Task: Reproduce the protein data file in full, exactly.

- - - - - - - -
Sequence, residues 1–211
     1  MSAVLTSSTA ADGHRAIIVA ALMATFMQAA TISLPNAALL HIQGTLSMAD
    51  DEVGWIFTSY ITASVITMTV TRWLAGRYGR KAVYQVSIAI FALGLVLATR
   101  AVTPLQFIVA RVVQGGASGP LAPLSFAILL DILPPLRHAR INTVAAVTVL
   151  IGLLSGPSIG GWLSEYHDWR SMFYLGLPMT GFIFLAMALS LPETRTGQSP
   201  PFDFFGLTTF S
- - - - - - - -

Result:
Sequence, residues 1–211
     1  MSAVLTSSTA ADGHRAIIVA ALMATFMQAA TISLPNAALL HIQGTLSMAD
    51  DEVGWIFTSY ITASVITMTV TRWLAGRYGR KAVYQVSIAI FALGLVLATR
   101  AVTPLQFIVA RVVQGGASGP LAPLSFAILL DILPPLRHAR INTVAAVTVL
   151  IGLLSGPSIG GWLSEYHDWR SMFYLGLPMT GFIFLAMALS LPETRTGQSP
   201  PFDFFGLTTF S